The Long, Hard Road to get into Medical School Starts Now!

The Long, Hard Road to get into Medical School Starts Now!
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The road to becoming a doctor is a long and difficult one. For students trying to become doctors, the road can be even more difficult as it is among the most competitive of professions with some of the best and brightest students applying, making acceptance to medical school even more difficult.

The financial burden is enormous and students have to learn how to tighten their belts and make sacrifices. This difficulty does not deter many people from going to medical school. Being a doctor is the best profession you can obtain, where people use their talents for the betterment of humankind and to be given an opportunity to ease the pain of the patient is very rewarding.

Millions of people would like to be in that position, but they cannot. I am thankful for the opportunity to make an impact on the lives of the patients and students, what a wonderful feeling.

I received this letter from one of my research assistants, John Cooper, who is currently a junior at Kenyon College majoring in biochemistry. His desire is to continue on to medical school after completely his undergraduate coursework.


“There is nothing like returning to a place that remains unchanged to find the ways in which you yourself have altered”

-Nelson Mandela

I first came across this quote when reading Nelson Mandela’s, A Long Walk to Freedom in the winter of my senior year of high school, and returning to the orthopedic center this summer reminded me of it. The quote is a strong statement on realizing the self-improvement that can be so difficult to see in ourselves. When you set long-term goals, it is encouraging to take time to see the progress you have made towards achieving those goals, especially when you still have a long road ahead of yourself. My goal is to gain acceptance to medical school because I aspire to be a doctor. It is a tough path and I sometimes have doubts that I can go the distance. However, I am encouraged because returning to work at the orthopedic center at UTMC this summer has given me a chance to reflect and see the progress I have made on my journey to achieving that goal.

I am a much better student today than when I began work last summer. That point is emphasized by comparing the A average I achieved this year versus the B average I had last year. Some people might say that I was bound to do better in school this year because I was a sophomore with an extra year of experience taking college classes, because I am a year older, or even because I must have worked harder. They all seem reasonable and I think they all account for some of my improvement but I think that a mindset change caused by my work last summer accounts for most of the improvement I saw this year. My mindset towards school and work has changed from that of an average student working to get by in my classes to one that I think most resembles the professionals I worked with last summer, striving to know all I can and produce the best quality work possible. My experience working in a hospital was a catalyst for change and I would like to share exactly what I learned and how it has benefitted me.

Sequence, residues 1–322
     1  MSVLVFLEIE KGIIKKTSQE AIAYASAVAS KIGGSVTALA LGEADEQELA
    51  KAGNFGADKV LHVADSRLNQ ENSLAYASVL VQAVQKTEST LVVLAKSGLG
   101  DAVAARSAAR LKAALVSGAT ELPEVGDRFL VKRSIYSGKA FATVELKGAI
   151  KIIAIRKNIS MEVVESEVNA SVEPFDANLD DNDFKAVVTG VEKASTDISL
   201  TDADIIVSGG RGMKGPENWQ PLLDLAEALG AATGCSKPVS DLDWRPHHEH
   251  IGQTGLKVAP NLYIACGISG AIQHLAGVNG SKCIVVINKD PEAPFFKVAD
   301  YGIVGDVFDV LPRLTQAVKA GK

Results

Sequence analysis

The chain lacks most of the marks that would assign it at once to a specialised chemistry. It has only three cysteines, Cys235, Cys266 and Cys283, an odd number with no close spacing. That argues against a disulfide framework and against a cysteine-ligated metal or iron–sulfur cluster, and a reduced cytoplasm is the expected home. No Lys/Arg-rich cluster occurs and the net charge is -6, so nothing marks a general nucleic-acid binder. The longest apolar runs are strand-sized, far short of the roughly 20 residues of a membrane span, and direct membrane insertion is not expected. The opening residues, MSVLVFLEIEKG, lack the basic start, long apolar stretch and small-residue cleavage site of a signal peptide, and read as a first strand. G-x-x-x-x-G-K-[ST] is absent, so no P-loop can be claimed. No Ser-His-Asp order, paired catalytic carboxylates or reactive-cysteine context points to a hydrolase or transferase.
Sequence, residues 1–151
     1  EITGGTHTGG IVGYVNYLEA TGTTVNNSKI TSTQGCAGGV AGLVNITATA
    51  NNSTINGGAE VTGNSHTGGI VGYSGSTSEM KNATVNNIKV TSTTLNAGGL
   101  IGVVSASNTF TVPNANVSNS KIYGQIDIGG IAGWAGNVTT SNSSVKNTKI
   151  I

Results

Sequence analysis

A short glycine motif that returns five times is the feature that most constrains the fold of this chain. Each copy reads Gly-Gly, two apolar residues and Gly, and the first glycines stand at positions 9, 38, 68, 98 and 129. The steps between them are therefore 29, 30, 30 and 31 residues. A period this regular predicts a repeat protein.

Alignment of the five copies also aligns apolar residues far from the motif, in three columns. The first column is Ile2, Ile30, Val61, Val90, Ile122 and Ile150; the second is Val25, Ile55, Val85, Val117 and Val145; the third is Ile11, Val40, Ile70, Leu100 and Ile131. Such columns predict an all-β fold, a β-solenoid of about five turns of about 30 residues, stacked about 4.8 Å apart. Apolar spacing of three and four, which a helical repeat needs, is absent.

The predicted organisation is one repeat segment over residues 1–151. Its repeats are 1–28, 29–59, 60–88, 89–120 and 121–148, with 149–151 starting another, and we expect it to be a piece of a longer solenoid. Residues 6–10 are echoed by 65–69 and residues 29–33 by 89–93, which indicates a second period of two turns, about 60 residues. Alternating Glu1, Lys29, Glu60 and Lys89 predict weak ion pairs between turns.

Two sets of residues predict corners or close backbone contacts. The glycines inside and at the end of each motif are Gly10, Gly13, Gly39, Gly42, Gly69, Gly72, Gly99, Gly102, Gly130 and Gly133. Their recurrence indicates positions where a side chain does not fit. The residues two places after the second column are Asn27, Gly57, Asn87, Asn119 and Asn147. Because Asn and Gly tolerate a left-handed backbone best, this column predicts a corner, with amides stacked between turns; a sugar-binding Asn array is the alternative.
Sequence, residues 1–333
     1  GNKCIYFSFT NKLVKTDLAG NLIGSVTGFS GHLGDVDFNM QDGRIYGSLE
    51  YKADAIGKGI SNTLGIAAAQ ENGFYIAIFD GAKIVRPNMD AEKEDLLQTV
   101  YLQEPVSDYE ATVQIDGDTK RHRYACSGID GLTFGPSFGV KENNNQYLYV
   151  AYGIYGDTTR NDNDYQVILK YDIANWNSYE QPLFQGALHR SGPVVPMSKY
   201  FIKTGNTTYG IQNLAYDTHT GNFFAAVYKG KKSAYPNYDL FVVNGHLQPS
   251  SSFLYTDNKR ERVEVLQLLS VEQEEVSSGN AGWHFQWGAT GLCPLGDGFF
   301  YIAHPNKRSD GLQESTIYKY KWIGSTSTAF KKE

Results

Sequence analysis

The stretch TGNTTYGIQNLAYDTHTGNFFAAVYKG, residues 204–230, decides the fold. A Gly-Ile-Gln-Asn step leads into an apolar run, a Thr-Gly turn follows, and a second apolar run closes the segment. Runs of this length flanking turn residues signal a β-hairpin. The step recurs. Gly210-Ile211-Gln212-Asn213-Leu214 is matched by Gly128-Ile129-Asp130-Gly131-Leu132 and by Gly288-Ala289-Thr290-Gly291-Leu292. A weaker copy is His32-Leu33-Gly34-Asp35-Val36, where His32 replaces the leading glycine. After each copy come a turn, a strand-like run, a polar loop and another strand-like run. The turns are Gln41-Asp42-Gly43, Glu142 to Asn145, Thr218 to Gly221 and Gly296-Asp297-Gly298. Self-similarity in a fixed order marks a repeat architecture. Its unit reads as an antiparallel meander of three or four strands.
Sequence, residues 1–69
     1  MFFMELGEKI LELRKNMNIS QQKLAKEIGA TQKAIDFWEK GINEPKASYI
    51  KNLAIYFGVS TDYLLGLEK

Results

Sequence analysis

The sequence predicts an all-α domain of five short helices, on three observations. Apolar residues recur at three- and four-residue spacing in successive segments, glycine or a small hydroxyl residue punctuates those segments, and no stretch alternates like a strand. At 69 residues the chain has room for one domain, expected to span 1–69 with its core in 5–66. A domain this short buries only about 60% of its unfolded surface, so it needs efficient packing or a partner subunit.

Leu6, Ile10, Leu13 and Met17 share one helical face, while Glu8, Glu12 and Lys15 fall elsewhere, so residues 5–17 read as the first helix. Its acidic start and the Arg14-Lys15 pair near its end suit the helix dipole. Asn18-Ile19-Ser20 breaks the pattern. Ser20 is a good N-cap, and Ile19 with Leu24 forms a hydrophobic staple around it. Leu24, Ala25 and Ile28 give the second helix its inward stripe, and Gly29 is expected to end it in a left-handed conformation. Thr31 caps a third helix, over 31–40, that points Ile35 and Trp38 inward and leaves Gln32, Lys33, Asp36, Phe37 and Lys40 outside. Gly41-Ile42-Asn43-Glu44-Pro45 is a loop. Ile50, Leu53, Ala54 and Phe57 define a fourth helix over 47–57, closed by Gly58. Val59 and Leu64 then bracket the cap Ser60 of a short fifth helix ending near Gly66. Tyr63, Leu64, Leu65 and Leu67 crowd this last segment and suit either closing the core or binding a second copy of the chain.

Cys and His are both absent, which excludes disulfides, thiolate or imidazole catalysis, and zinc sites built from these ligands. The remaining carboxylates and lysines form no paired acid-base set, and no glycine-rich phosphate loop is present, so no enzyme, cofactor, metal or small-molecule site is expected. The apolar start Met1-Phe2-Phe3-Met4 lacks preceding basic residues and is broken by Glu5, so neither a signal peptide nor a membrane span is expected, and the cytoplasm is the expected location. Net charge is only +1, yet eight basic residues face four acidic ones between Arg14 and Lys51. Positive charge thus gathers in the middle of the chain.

Doing research in a hospital has been beneficial in two major ways. First, as a college student majoring in the natural sciences, I found that working in research is useful in finding ways to improve as a student. One of the first projects I worked on last summer was a paper regarding acute compartment syndrome of the thigh. I was sent a folder containing 27 papers detailing the topic. It took over a week but I carefully read each paper along with textbook chapters on the anatomy of the thigh and compartment syndrome. That experience taught me the value of approaching a topic from many different angles and carefully reading primary literature to gain understanding of a topic.

Long projects can be intimidating, especially if you are used to work taking only a day or two to complete. I collaborated on a 30-page booklet that took three weeks to complete. I learned the benefits of proper planning and diligence when confronting a major assignment. Planning how you want the end product to look and then being diligent throughout the process is important for doing your best work and staying on schedule. I used that strategy when studying for tests and working on school projects this year which is a reason why they typically went very well for me this past year.

Seeing the attitude, the professionals I worked with had towards their careers and their research projects was also inspiring. Their work was always polished and informative, and their attitudes toward work were positive. I learned that the most successful people are the ones who can rise above childish office gossip, do their work to the best of their ability, and solve more problems than they create. I try to follow their example and do my work professionally while keeping a positive attitude. I also learned to be confident about my commitment to personal growth. Dr. Ebraheim says we must become gladiators, people that face the toughest of challenges every day and succeed. Working with people who have been on the same journey that I’m on, who have faced similar challenges and succeeded is inspiring. It renews my belief that I can succeed in my goal of gaining acceptance to medical school.

I challenge all college students to find opportunities to volunteer or work with people who work in the fields they aspire to work in. You can learn a lot from people who have gone on the same journey you are on, who have encountered similar challenges and succeeded.

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